Excellent explanation Pradip, it is of utmost importance to make sure you assess for electrolyte disturbances or glucose abnormalities in your rapid diagnostics when patients are seizing. Remember hyponatremia, hypoglycemia, and hypocalcemia. If you have a child with Seizures
Let’s transition and highlight key definitions of status epilepticus:
Previously defined as a seizure lasting > than 30minutes or recurrent seizures lasting > 30minutes without patient regaining consciousness between seizures. The new definition refers to SE as 5minutes or more of either continuous seizure or 2 or more discrete seizures between which there is incomplete recovery of consciousness.
Refractory SE = SE that persists despite the administration of first and second-line anti-seizure medications with different mechanisms of action.
Super refractory SE refers to SE that continues 24 hours or more after the onset of anesthetic therapy for SE and includes recurrence during reduction or withdrawal of anesthetic therapy.
Pradip what is the most common cause of seizures in the pediatric population?
The majority of pediatric SE (30-50%) involved febrile seizures. About 9-17% involved either acute metabolic derangement or a CNS infection. 12% of first seizures in children present with status epilepticus (Shinnar, Pediatrics 1996)
What is the pathophysiology of seizures and its progression to status epilepticus?
There is an imbalance between excitation and inhibition. Ineffective recruitment of GABA neurons coupled with excessive excitatory NMDA neuronal stimulation leads to initiation and propagation of the electrical disturbance in SE. Prolonged seizures lead to selective neuronal loss in the hippocampus, cortex, and thalamus.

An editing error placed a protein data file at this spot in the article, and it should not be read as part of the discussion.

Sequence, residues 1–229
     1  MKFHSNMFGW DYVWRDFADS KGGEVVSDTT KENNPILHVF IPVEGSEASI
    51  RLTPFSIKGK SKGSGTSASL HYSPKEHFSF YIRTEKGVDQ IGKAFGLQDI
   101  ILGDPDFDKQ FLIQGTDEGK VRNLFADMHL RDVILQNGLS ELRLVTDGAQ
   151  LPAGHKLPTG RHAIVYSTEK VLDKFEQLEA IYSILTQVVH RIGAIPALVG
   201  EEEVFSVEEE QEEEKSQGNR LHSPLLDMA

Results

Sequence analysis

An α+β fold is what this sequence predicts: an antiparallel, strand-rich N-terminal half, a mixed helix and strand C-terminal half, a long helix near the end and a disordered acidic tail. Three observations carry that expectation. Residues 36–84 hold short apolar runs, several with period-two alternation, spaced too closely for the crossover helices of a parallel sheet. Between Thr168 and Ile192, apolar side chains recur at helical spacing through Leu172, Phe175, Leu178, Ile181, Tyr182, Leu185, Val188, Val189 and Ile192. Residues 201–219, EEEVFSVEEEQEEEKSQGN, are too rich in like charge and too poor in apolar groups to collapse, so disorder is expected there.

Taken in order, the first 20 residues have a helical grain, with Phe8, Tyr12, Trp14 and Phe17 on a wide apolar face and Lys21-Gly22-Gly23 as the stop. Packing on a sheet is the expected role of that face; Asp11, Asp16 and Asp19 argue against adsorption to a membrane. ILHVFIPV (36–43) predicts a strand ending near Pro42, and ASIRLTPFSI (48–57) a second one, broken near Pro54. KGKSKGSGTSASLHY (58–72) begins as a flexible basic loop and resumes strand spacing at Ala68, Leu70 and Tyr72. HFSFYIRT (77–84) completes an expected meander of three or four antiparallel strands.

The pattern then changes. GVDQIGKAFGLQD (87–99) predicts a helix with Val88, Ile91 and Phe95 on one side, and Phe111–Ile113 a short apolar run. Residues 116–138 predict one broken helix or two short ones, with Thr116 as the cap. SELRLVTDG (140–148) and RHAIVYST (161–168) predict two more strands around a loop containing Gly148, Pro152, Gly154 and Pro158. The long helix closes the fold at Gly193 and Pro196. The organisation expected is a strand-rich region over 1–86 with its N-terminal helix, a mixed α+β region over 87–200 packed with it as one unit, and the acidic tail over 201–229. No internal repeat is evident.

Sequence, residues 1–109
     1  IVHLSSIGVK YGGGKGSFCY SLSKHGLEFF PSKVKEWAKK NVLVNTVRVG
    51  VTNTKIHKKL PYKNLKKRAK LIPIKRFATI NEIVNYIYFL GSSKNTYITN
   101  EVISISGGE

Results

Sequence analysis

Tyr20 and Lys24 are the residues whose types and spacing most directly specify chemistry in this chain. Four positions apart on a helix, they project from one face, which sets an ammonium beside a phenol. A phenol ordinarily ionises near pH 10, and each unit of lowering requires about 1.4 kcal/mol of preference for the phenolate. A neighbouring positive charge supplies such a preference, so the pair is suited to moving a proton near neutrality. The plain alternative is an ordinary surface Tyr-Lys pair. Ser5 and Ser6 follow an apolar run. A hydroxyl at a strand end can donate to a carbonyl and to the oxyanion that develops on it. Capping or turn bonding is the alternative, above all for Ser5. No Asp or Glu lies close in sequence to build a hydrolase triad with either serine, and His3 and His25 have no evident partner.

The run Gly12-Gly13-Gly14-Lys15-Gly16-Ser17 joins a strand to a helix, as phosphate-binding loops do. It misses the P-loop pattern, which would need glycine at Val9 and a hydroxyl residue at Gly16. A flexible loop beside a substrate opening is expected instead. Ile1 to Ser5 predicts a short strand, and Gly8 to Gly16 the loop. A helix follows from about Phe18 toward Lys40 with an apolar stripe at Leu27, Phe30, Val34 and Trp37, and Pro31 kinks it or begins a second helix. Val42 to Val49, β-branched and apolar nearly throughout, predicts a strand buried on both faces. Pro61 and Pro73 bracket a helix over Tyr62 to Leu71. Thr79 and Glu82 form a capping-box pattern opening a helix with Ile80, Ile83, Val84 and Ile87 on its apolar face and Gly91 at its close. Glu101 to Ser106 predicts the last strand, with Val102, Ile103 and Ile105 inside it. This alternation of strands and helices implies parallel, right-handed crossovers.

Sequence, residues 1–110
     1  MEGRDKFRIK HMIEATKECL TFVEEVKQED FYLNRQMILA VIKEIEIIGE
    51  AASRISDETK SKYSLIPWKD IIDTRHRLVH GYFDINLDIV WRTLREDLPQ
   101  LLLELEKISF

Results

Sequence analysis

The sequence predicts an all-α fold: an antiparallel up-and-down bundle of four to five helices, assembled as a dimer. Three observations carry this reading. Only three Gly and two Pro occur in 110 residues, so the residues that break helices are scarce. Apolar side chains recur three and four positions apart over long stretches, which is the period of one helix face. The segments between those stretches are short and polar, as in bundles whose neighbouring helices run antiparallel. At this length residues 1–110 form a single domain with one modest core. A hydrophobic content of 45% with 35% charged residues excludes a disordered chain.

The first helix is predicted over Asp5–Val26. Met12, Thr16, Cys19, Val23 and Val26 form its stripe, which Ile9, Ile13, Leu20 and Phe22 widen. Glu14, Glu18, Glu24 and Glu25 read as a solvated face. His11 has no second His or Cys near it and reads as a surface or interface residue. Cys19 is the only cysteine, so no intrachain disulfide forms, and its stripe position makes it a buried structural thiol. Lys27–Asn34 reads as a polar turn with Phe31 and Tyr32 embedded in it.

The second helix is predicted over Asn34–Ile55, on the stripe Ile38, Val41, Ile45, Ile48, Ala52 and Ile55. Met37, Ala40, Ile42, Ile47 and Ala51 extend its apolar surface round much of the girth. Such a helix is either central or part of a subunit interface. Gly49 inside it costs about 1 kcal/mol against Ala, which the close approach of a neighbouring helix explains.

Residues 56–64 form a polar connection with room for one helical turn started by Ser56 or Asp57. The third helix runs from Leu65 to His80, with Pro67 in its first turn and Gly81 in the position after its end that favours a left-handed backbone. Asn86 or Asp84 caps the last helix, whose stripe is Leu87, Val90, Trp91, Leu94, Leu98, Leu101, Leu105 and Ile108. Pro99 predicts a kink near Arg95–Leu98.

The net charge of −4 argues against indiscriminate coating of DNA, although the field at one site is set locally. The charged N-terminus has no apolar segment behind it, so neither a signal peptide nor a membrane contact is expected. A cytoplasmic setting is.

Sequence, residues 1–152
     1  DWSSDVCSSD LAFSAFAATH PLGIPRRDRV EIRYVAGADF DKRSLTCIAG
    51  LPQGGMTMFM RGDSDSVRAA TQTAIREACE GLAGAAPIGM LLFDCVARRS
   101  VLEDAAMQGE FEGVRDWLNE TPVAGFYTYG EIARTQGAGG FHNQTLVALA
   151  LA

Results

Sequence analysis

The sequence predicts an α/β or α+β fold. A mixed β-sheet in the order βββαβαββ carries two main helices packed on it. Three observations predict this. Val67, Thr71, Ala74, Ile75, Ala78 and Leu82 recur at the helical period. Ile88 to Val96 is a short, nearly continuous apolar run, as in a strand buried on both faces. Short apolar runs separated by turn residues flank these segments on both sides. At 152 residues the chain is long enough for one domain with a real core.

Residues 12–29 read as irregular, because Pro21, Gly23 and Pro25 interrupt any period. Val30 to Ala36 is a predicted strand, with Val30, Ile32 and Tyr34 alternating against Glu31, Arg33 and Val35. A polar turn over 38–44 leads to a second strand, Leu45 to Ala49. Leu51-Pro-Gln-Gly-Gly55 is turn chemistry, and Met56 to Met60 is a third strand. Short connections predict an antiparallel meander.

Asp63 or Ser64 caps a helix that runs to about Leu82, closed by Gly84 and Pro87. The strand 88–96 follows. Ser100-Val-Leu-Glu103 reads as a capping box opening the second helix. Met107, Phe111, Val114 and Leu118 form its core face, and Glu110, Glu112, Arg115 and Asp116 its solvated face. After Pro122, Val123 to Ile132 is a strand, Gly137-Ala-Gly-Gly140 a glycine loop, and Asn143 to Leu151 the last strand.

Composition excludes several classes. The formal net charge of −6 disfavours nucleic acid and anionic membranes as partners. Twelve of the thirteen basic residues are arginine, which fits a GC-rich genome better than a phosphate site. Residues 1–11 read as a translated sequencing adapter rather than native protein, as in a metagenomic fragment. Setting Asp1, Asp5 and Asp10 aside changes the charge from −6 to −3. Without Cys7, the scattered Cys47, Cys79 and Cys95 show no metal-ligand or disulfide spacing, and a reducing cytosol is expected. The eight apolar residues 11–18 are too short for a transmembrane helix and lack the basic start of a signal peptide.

There is neurotoxicity due to excitotoxicity (via excess stimulation from glutamate on NMDA and AMPA receptors) as well as hypoxic-ischemic injury (imbalance between increased metabolic demand and cerebral blood flow/oxygenation). Hypoxia, acidosis, hypotension, and hypercarbia add to the ongoing damage.
There are early (< 30minutes) and late (> 30minutes) time-related complications of status epilepticus which are nicely elucidated in the LearnPICU status epilepticus-pathophysiology. (http://www.learnpicu.com/neurology/status-epilepticus)
The risk of subsequent epilepsy after status epilepticus is 26-36% (Barnard, J child Neurol 1999 and Eriksson, Develop Med Child Neurol 1997).
Would you also mind highlighting the way seizures are classified?
Seizures are classified as Partial or generalized based on clinical presentation or EEG FINDINGS. Partial Seizures arise in specific areas of the brain and are further classified as simple, local, or focal. Generalized seizures arise from diffuse cortical areas at one time. They involve both cerebral hemispheres and consciousness is typically impaired. Generalized can present as motor movements or absence seizures during which no convulsions are seen.
To summarize, these are the common causes of seizures in the PICU — AED withdrawal or change, drug toxicity or withdrawal, electrolyte problems, hypertensive encephalopathy, tumor, TBI, vasculitis, renal/hepatic dysfunction, fever, hypoxia/ischemia, and postoperative conditions. Pre-existing epilepsy, genetic and central nervous system disorders can also present with seizures. Intensivists should be vigilant about non-convulsive status especially in children who have hypoxic injury s/p cardiac arrest, submersion injury, TBI, and stroke.
Summary: IV Ativan and IV Midazolam if your patient has good access are equally effective